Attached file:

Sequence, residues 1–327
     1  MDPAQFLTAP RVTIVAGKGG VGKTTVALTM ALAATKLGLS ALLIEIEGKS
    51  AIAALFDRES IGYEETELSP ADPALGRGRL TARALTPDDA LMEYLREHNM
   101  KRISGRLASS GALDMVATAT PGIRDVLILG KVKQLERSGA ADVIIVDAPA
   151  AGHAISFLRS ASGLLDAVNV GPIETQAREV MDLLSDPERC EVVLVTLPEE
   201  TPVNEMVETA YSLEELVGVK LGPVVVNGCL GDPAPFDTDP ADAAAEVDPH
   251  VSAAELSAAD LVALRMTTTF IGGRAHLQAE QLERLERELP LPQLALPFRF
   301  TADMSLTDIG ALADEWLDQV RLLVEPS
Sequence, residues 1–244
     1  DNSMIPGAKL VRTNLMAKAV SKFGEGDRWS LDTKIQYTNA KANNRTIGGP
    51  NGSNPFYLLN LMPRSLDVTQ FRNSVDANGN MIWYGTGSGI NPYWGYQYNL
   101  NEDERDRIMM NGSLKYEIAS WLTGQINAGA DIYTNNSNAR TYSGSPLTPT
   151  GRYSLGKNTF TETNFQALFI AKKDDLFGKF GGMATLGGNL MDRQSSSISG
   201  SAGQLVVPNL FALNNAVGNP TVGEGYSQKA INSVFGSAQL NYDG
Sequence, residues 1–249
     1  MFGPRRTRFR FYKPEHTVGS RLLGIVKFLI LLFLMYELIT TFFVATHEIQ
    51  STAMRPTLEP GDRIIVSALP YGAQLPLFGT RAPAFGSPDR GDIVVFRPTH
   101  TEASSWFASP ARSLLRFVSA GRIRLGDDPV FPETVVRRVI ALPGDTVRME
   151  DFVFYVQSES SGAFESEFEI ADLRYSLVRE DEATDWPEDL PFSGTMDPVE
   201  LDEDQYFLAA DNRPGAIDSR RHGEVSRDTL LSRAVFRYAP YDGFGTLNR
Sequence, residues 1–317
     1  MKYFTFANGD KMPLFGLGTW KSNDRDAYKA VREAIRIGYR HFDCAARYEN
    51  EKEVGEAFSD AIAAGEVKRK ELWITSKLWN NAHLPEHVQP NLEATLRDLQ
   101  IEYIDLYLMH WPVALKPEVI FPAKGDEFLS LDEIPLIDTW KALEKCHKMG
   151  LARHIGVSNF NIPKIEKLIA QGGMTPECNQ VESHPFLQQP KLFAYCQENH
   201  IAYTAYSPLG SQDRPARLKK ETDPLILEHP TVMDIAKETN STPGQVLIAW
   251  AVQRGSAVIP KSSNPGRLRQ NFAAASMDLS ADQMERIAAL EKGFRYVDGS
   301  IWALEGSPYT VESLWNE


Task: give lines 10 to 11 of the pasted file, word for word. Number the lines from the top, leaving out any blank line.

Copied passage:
     1  DNSMIPGAKL VRTNLMAKAV SKFGEGDRWS LDTKIQYTNA KANNRTIGGP
    51  NGSNPFYLLN LMPRSLDVTQ FRNSVDANGN MIWYGTGSGI NPYWGYQYNL